A Shabbat public transportation system in central Israel is due to launch its operations this coming weekend, marking a significant shift in Israel, where most public transport doesn't operate on the Jewish day of rest.
The weekend rides will operate in Tel Aviv-Jaffa, Givatayim, Kiryat Ono and Ramat Hasharon, and the service will be free of charge. Local officials say other cities are also expected to join the network.
According to the Tel Aviv-Jaffa municipality, who initiated the move, the network of intercity routes will operate on weekends and connect the cities in an efficient way, to complement public transportation on weekdays.
The system will be operated by shared taxi sherut firm Sherut Lines 4, 5 Ltd., which currently operates shared taxi lines in Tel Aviv seven days a week.
The system includes six routes, about 300 kilometers in length in total, with over 500 bus stops. The 19-seat minibuses will run during hours when there is no public transportation on Shabbat.
The minibuses will be numbered from 705 to 710, and stops will be labeled.
The service will operate from 6 P.M. to 2 A.M. on Fridays and from 9 A.M. to 5 P.M. on Saturdays. The minibuses will set out regularly at half-hour intervals, on the hour and the half hour, with the exception of Bus 710 from Kiryat Ono, which will set out every hour on the hour.
The initial budget for operating the transportation system, which was approved in the finance committee of the Tel Aviv-Jaffa municipality about two weeks ago, is about 1.5 million shekels ($433,000) up to the end of 2019. The annual cost of the project is estimated at about 12.5 million shekels, and is expected to increase should more cities join.
“After weeks of work with the neighboring local councils, we have succeeded in implementing a shared, pioneering initiative that will bring about a significant change in the entire metropolitan area,” said Meital Lehavi, deputy mayor of Tel Aviv-Jaffa, who was in charge of the initiative in the municipality.
“This is not another occasional bus line to the beach or the park, but a metropolitan network of routes that will eventually expand to additional local authorities and will provide frequent and efficient weekend transportation to provide mobility for everyone, and during the first stage, free of charge. During Road Safety Week, we must stress that the initiative will make it possible to provide a vital and life-saving service on the weekends, and not only as an expression of social justice and environmental awareness.”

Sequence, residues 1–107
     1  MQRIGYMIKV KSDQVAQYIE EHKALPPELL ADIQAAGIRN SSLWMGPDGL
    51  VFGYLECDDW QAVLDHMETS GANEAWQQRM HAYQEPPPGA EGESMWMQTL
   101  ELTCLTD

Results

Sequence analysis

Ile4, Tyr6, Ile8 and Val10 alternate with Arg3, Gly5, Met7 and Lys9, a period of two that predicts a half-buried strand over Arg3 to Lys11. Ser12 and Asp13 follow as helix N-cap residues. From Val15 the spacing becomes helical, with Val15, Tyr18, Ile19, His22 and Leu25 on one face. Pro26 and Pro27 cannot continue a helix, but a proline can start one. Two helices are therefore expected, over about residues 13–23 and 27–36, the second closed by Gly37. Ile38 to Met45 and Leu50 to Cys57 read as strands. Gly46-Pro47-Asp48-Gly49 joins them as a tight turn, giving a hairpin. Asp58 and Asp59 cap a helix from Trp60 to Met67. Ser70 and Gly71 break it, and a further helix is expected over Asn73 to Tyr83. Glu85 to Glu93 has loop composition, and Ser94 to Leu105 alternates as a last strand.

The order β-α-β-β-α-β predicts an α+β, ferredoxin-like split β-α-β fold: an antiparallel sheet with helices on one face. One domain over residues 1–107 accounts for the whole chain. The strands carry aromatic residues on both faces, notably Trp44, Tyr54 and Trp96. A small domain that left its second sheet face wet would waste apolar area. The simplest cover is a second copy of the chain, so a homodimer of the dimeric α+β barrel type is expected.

“The ability to travel from place to place every day of the week is a basic right,” said Tel Aviv-Jaffa Mayor Ron Huldai. “The project is designed to fill the transportation needs of a large population in Israel, in the absence of government-sponsored public transportation.”
Suburb opts out
The Tel Aviv suburb of Ramat Gan, a city with ideal conditions for joining the venture, chose not to do so. The city suffers from overcrowding, a parking problem, and a large secular population. Including an older population that makes more use of public transport during the week, and is therefore also limited on weekends.
The choice of Ramat Gan's mayor not to join the Tel Aviv initiative is unclear to some of those involved. Internal Sources say that this decision was largely driven by ego considerations and the desire to be portrayed as leading the project. The decision not to join the project for lack of credit has hampered not only the necessary mobility of the residents of Ramat Gan, but also the residents of Kiryat Ono, whose bus frequencies will drop and cost of service for them will increase.
On the other hand, according to the Ramat Gan municipality, the choice not to join and run an independent service allowed it greater independence and flexibility, at the same cost as it would have paid if it had joined the project.
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